Experts Say Humans Could Have Wings, Tentacles Or An Extra Arm ‘In The Next Few Decades’

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Experts predict that having wings, tentacles or an extra arm could become a reality in the next few decades, thanks to leaps in human augmentation.

Researchers have already designed a ‘Third Thumb’ allowing the wearer to unscrew a bottle, peel a banana or thread a needle using just one hand….

Now experts believe that that the thumb is just a first step towards larger, more dramatic additions to the human body.

I’m sure we can’t wait!

The Mail Online reports: Tamar Makin, a professor of cognitive neuroscience at Cambridge University, said the brain’s ability to adapt to an extra limb was ‘extraordinary’.

But scaling the design up to larger augmentation devices comes with its own hurdles.

‘The big question is how do you control a body part that you’ve never had before?’ she said.

‘When we work with technology for substitution, like prosthetic limbs, the aim is pretty straightforward.

‘But, in augmentation, I want you to continue to use your body to its fullest capacity and on top of that, give you an extra body part.

‘We are also worried about what we call the resource reallocation problem – what if I’m stealing resources from the feet in order to give one to the hands?’

When asked whether it would be possible to design wings or even tentacles for human use, Professor Makin said: ‘Yes, from a technical perspective. The technologies are out there, we just need to scale them.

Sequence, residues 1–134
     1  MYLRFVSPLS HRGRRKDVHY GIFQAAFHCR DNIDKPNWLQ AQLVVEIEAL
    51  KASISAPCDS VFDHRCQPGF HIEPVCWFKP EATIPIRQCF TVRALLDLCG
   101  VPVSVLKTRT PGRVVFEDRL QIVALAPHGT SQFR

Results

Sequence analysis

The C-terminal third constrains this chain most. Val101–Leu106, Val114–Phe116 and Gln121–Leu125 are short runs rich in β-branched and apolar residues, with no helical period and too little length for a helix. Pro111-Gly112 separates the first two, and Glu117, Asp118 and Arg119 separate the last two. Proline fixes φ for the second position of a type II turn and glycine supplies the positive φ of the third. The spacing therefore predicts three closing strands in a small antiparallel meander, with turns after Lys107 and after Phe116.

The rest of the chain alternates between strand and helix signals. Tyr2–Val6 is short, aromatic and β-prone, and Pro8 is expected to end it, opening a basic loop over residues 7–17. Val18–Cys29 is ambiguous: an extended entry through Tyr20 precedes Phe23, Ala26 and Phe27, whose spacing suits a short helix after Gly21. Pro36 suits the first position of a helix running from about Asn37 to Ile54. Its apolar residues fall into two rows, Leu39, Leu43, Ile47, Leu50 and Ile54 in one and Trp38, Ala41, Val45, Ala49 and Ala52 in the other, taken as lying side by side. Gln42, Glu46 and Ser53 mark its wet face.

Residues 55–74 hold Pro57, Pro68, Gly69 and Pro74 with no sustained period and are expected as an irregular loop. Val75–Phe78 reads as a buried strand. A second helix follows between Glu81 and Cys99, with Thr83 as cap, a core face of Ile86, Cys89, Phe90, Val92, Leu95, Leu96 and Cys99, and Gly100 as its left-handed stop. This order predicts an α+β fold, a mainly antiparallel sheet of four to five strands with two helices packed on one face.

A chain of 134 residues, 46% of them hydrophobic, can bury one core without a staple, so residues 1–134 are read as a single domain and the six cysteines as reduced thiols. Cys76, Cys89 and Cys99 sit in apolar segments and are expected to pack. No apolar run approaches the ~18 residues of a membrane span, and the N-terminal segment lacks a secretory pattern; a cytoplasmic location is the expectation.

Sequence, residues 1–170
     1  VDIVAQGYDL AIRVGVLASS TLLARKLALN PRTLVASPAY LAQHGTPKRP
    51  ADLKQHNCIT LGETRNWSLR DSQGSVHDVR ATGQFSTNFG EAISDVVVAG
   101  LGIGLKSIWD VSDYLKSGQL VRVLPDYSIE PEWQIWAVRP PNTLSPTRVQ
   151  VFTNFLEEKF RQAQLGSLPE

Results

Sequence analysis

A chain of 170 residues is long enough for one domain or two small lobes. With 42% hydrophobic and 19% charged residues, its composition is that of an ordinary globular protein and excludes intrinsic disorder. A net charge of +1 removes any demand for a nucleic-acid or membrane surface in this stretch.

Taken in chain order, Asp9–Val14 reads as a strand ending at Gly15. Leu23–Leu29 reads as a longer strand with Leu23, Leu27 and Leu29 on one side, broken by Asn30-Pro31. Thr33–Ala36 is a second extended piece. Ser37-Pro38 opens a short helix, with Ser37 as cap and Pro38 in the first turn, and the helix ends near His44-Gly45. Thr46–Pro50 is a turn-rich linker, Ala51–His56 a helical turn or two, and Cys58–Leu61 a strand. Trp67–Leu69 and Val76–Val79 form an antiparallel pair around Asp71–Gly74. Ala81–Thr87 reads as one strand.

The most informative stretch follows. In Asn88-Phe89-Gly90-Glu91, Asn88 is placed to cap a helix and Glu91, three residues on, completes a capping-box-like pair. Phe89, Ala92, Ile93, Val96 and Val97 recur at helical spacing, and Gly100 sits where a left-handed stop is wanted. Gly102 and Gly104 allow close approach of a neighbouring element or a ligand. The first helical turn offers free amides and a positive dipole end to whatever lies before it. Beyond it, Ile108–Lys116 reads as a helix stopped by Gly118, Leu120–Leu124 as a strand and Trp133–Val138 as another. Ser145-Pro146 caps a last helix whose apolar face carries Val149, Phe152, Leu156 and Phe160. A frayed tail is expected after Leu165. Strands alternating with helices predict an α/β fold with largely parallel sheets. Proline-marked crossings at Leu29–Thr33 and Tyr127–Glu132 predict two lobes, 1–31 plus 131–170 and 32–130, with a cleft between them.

‘There are technological issues to deal with, for example you want it to be wearable, comfortable, it can’t be heavy and it can’t be plugged into an electric socket.

‘Control is the real issue. So wings are actually really simple because it’s just one degree of freedom – up and down.

‘But when you’re doing something more complicated, like a tentacle, we need a lot of control.

‘For example, if you want to reach your cup of coffee because it is far away, you want to use your tentacle.

‘But if you really need to focus because it’s a really complicated task, then just standing up would be less disruptive.’

Her colleague Dani Clode was the brains behind the Third Thumb, which was first unveiled in 2017.

The robotic 3D printed digit is worn on the side of the hand opposite the user’s actual thumb.

The wearer controls it with pressure sensors attached to their feet, on the underside of the big toes, with a wireless connection linking the two.

For their study, 20 participants were trained to use the thumb over five days – for example using it to pick up multiple balls or wine glasses with one hand.

They learned the basics of the thumb very quickly and were even able to use it while distracted or blindfolded.

Writing in the journal Science Robotics, the team said participants also increasingly felt like the thumb was a part of their own body.